April 14, 2004
Start early. Save often.
Such are the keys to successfully saving for retirement. But it's not the size of your brokerage account balance that matters, it's the length of time that you spend building it.
Sure, it's true that the bigger your nest egg, the better off you'll be. But preparedness actually contributes more to peace of mind than net worth. Those who start socking it away early are most likely to report that they are happy with their retirement savings status, according to a survey sponsored by AIG Sun America.
So what constitutes "early"? It seems that 24 years of preparation is the defining number that separates those who are content with their retirement savings status from those who are not. The least-happy retirees, according to the study, had been saving an average of 11 years. So starting your savings regimen before age 40 can do wonders for your senior citizen psyche.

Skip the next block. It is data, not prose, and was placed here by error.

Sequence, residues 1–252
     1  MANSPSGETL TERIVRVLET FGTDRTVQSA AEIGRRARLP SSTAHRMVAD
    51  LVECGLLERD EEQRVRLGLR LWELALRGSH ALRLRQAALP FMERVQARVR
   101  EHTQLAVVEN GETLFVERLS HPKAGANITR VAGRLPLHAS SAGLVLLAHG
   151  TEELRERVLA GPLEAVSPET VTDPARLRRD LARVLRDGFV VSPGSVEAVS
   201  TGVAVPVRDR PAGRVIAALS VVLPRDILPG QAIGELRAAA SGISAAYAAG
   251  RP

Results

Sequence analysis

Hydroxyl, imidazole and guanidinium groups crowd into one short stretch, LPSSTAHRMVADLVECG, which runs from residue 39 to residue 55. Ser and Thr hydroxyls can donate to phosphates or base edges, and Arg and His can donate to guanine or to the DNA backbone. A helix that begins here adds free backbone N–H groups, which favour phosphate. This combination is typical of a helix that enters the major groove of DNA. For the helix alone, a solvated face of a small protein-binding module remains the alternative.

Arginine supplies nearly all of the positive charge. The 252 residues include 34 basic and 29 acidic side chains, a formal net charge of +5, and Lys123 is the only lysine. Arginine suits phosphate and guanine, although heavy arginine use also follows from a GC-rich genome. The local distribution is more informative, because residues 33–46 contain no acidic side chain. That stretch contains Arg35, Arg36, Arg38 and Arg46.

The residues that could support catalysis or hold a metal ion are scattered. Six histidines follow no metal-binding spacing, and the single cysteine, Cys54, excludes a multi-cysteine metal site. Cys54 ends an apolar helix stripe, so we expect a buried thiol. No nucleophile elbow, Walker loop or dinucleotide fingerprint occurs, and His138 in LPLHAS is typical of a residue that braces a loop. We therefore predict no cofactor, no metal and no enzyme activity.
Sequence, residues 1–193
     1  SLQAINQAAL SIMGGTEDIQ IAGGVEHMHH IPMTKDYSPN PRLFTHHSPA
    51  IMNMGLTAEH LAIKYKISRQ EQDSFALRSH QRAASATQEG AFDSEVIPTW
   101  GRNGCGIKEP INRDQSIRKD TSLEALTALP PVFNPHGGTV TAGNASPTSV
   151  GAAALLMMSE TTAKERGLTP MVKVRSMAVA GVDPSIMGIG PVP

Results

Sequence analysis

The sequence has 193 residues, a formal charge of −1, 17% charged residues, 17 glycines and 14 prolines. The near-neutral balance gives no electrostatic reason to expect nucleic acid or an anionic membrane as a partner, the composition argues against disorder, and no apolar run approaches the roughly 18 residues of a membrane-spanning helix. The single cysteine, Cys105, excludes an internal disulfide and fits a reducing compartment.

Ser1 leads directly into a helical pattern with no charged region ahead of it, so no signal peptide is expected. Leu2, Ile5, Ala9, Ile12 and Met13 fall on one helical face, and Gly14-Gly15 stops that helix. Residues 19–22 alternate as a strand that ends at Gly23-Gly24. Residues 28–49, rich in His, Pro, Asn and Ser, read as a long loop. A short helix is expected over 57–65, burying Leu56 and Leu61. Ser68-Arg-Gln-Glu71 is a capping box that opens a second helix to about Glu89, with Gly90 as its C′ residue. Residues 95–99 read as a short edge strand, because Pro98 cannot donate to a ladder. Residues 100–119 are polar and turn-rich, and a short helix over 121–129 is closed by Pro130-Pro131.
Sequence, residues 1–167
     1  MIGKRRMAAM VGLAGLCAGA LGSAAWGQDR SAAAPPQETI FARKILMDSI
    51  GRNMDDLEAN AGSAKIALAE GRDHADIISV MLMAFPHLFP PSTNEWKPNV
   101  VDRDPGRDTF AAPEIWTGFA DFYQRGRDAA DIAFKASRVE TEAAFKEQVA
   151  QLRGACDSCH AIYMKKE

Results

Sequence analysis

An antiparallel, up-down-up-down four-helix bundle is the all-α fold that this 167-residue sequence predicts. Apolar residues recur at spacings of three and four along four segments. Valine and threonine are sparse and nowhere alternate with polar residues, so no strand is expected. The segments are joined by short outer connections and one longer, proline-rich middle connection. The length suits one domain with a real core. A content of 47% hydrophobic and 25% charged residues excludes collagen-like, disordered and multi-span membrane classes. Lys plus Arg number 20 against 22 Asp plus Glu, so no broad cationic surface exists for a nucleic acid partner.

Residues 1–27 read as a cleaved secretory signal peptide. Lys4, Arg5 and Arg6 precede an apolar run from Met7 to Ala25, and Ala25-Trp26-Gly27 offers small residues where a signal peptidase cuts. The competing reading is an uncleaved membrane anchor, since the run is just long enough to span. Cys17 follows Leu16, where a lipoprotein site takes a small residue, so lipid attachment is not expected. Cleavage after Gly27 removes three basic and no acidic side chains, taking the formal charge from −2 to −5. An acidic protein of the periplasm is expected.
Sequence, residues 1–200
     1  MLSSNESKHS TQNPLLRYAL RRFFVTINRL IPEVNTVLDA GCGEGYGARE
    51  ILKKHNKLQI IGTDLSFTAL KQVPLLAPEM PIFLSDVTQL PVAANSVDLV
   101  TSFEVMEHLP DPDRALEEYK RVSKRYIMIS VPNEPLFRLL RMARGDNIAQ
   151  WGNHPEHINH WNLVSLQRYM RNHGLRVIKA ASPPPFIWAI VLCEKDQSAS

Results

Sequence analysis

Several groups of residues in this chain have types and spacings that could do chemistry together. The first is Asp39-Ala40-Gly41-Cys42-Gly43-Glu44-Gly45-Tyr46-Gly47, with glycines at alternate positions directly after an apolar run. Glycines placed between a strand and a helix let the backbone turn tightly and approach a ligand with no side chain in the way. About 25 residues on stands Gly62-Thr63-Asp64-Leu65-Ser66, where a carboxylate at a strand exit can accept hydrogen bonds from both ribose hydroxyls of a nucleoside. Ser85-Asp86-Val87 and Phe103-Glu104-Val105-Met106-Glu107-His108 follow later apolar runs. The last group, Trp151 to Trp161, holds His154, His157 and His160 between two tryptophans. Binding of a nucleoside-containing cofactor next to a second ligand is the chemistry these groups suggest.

We'll venture to guess that establishing a pattern of saving -- instead of scrambling to do so at the last minute -- helps put money in perspective. Those who have fashioned a nest egg during good times and bad know that a market downturn doesn't mean the end of the world for their retirement dreams.
But when retirement is a distant goal, how do you motivate yourself to start a savings habit? Crunching a few numbers is a good place to start. And if you're the type of person who is motivated by a tight deadline, you still have one day to make your 2003 IRA contribution.